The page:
I have been wanting to do this post for a long time...
Explaining how graphic design was done back in the stone age.
(When I was in Art School.)
Our assignments, which seemed like impossible tasks at the time,
were usually something like:
"Redesign the New York Times" or "Redesign the Lipton Tea Package."
Ideas came from inspiration.
Inspiration came from images & color palettes that we've seen before,
but hopefully redirected into a new purpose.
One of the biggest differences in how we worked back then,
is that everything we did was out in the open.
We worked at drafting tables in a huge media workshop.
We saw what other designers were working on.
There was a sense of collective creativity, that kept us going.
Today, the workshop is made of row after row of computers & dividers in a darkened room.
Back to the drawing board...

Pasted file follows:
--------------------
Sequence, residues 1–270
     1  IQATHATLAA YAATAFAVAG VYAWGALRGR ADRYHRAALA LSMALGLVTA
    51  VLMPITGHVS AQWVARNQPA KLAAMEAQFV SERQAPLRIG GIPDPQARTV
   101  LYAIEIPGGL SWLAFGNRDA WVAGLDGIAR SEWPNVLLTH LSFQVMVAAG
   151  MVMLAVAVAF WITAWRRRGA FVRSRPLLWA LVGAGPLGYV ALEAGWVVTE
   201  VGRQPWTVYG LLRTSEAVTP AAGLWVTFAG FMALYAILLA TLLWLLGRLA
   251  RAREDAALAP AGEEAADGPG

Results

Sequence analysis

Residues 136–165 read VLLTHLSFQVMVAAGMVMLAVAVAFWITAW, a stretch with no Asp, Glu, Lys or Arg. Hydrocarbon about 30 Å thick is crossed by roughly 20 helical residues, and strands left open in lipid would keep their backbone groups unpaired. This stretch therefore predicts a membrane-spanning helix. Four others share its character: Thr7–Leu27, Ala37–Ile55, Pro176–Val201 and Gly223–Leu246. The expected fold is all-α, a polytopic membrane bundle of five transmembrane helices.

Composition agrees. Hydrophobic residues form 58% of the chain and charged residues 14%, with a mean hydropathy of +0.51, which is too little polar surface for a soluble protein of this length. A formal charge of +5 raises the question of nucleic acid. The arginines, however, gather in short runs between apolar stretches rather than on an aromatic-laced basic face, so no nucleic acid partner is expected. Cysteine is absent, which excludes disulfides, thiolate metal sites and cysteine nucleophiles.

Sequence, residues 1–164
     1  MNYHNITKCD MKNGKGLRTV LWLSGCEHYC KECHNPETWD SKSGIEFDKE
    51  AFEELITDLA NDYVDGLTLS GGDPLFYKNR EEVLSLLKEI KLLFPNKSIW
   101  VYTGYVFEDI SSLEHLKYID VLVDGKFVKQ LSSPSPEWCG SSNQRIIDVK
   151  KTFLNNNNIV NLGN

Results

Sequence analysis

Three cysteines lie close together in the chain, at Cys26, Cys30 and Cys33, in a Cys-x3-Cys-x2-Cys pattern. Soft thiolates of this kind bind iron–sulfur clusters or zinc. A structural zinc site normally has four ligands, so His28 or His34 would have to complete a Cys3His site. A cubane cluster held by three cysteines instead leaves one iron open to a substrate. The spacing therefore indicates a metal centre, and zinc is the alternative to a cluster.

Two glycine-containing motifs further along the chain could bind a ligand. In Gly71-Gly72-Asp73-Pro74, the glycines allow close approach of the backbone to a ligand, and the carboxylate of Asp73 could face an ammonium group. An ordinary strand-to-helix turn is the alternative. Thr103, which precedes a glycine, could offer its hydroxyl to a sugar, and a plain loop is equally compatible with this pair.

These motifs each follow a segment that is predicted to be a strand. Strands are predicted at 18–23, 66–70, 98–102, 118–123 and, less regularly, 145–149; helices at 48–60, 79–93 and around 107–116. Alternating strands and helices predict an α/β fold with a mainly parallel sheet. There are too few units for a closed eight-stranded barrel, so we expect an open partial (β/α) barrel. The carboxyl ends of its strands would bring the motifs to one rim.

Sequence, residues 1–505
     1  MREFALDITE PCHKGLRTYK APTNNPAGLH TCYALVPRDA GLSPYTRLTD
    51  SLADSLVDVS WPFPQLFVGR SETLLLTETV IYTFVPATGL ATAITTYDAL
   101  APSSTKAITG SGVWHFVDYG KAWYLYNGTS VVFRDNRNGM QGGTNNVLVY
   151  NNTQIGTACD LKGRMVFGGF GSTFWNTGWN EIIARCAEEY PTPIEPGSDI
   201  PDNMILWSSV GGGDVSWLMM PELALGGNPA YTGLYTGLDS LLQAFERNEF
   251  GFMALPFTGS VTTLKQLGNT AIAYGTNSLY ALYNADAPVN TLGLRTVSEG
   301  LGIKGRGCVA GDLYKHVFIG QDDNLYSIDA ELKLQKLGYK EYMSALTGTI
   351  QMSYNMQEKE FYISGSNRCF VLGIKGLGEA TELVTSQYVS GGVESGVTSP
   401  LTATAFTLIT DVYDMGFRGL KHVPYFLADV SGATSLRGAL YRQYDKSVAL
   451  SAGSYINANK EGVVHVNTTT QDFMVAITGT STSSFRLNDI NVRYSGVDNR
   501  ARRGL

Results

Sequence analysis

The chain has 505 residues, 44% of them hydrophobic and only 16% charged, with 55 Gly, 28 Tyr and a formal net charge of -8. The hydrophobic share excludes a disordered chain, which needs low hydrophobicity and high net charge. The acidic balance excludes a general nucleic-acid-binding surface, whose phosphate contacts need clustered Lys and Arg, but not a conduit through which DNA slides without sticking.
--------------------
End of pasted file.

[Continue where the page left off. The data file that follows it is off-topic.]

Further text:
We would carefully wax or spray mount whole fonts to the table,
and using a xacto blade, cut out each letter that we needed.
If you don't like the way a font looks, you save it for something else.
Art students are genius at recycling.
We also used alot of Letraset, and a thingie called a burnisher,
which I posted about here, last year.
Using a T-square & triangle, we carefully lined everything up on an illustration board.
Then we used a photostat machine (in a darkroom) to shoot this concoction onto smooth photo paper.
These darkrooms were also used for other endeavors, but that's for a later post ;-)
The photostat can then be used to make color copies with a copy machine.
In 1986, copies were 10 cents each.
Dimes were collected & coveted.
We experimented with different papers and different colors
to finally cut and glue everything into the final project.
Final projects were critiqued by the teacher and the entire class.
It's just as important to withstand the critique, as it is to create the project.
It prepares you for client relations in the real world.
I'm glad that I'm blogging about this for so many reasons...
As you can see, these old projects are falling apart, and soon will be reduced to dust.
Also, the feeling of collective creativity & community that I miss from the old media workshop at school...
I sometimes feel through YOU people,
right here in bloggie-land.
And that's a really good thing.